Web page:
Compared to 50 years ago, health policy has led to much longer life expectancy. Technology has led to a much easier life. But criminal justice policy has only recently been associated with rates of street crime close to those in the 1960´s when the USA had 3 Presidential Commissions on violence. We are also now more aware that intimate partner and sexual violence is much more rampant than debated 50 years ago.
Recent innovations in Canada and evidence based initiatives in the USA suggest that a shift in policy could reduce interpersonal violent crime by 50% or more combined with huge savings in tax expenditures. So what do we know about how to make this shift? Will they achieve the potential for a 50% reduction in street crime and intimate partner and sexual violence? Will they reduce taxes on crime and justice by $6 billion in Canada and $75 billion in the USA?
The CCA Panel on the Future of Policing in the 21st century emphasized that policing is just one player in reducing interpersonal violence and providing public safety. My book on Smarter Crime Control reviewed the accumulated evidence on cost effective policing and community safety to show that (i) specific policing strategies that are pro-active and in partnerships to be effective and (ii) that many pre-crime prevention investments are proven to be more cost effective in preventing much of violent crime.
Possible Outcomes of a Shift to Cost Effective Public Safety
1. Reductions of 50% in rates of victimization from street crime and intimate partner and sexual violence with consequent reductions in costs of harm to victims (from $83 billion to $40 billion in Canada from $500 billion to $250 billion for USA)
2. Reductions of expenditures (taxes) on policing and prisons in $billions, particularly at municipal level (from total costs of criminal justice of $21 billion to $17 billion for Canada and from $270 billion to $200 billion in USA))
3. Investment for Social Return of at least $1 for $7, including
a. help parents with kids difficult for them to manage;
b. mentor at risk kids to help them succeed;
c. teach life skills and 4th R in schools to reduce adolescent abuse of alcohol and sexual assault.
4. Shift to proactive policing, such as hot spots and problem oriented policing, and partnerships with social sector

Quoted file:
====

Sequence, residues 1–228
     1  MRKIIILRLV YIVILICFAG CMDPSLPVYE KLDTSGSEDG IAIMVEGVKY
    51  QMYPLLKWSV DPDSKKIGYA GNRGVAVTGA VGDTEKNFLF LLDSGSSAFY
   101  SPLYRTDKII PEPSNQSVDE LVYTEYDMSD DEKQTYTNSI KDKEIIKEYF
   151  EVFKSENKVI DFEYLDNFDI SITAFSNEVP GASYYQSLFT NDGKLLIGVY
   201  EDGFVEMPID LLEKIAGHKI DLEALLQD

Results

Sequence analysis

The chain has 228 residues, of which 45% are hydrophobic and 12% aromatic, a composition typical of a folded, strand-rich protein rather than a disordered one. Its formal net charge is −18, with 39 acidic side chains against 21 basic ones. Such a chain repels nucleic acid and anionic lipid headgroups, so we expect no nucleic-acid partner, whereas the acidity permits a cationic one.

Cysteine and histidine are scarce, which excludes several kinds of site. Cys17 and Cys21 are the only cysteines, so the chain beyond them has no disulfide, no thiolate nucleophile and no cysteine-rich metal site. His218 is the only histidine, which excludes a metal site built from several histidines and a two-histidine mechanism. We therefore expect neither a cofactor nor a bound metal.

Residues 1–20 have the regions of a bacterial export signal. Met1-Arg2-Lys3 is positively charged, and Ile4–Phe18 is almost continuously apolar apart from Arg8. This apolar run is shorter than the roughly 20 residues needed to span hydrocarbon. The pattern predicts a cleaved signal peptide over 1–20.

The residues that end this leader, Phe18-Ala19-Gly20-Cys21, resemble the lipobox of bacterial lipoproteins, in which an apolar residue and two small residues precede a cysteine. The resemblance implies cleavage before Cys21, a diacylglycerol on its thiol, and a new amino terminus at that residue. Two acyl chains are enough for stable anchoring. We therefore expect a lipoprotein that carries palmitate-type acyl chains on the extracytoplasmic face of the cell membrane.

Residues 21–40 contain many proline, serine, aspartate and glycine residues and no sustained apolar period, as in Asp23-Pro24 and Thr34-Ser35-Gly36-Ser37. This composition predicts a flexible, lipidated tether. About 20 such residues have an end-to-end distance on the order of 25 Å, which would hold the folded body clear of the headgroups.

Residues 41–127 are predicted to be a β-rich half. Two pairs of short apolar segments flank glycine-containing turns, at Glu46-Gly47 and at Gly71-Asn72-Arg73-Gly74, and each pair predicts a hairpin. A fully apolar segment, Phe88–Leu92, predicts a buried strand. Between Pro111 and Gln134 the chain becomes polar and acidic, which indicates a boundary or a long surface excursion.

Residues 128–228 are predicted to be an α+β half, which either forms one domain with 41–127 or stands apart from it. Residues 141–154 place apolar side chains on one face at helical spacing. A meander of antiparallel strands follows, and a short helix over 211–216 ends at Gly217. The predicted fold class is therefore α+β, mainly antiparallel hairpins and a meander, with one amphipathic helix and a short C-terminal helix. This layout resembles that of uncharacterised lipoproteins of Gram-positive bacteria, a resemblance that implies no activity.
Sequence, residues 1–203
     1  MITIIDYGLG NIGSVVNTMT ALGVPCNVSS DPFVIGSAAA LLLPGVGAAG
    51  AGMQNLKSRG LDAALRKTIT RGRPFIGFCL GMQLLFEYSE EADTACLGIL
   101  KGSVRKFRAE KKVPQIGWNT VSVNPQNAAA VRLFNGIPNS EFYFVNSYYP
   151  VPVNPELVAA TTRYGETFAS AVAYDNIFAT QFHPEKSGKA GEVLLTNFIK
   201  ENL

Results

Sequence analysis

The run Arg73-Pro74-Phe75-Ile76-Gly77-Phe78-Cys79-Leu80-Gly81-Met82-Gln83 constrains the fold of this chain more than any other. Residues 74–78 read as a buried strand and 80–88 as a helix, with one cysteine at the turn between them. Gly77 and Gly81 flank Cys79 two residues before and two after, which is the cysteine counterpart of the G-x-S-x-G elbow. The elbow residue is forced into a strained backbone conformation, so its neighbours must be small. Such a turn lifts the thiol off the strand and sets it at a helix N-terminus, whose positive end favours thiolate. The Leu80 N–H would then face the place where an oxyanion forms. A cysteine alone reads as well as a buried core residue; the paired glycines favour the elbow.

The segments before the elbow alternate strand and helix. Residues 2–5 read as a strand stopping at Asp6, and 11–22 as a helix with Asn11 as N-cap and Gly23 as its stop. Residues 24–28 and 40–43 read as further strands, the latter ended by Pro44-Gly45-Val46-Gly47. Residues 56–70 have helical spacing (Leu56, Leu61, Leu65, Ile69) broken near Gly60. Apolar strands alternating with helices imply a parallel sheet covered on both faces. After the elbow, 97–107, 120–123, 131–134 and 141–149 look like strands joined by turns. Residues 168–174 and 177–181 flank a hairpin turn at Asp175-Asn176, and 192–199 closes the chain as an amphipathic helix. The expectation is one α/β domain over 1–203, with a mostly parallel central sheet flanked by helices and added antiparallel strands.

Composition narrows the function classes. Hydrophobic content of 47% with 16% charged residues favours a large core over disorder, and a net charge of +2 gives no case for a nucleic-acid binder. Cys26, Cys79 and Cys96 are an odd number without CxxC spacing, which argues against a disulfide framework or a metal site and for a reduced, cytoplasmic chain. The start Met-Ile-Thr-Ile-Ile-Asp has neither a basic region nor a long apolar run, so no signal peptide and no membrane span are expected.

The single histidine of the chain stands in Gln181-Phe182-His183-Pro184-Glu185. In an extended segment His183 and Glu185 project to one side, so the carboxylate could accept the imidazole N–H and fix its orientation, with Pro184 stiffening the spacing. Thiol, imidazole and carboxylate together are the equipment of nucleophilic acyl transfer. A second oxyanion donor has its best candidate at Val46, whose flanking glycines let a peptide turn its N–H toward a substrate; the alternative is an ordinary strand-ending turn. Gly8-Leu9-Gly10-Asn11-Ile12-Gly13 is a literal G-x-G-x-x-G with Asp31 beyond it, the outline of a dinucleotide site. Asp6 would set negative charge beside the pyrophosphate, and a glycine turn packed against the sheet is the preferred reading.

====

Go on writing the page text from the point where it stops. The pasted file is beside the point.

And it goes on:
Conclusions from Policing Canada in the 21st Century and Smarter Crime Control
Policing Canada in the 21st Century (Council of Canadian Academies 2014) concluded inter alia (see black bullets and pages) – see white bullets for supplemental statistics
• ¨It is not at all clear that crime rates are declining¨ (p 142)
o Statistics Canada crime victimization surveys show rates of both violent and property crime to be increasing marginally from 1989 to 2009 (Waller, 2015 quoting Statistics Canada Juristats).
o Statistics Canada shows increase from $6.8 Billion in 2000 to $13.5 billion in 2012
• ¨The future policing models will be shaped by the reality of police working in the safety and security web¨ (p 141)
o eg for interpersonal crime, police are just one player among the agencies that can prevent violence and so improve safety and security
• A growing body of evidence identifies ¨initiatives with a prevention focus that do not involve police¨ as being cost effective, especially in the area of reducing interpersonal crime (p 147)
• ´A wider reaching governance structures and a stronger system of performance measurement´ are needed through Public Safety and Security Boards (p. 146)
Smarter Crime Control: A Guide to Safer Futures for Citizens, Communities and Politicians (Waller, 2015) concludes inter alia that:
• Much of inter-personal crime is concentrated in a small number of census tracts, characterized by a concentration of people and families with risk factors that are scientifically established as correlating with interpersonal violence (several Statistics Canada studies for police recorded crime and some other studies with victimization survey).
• Prestigious agencies such as the US Department of Justice and the World Health Organization show strong scientific information for what prevents violence by tackling these risk factors.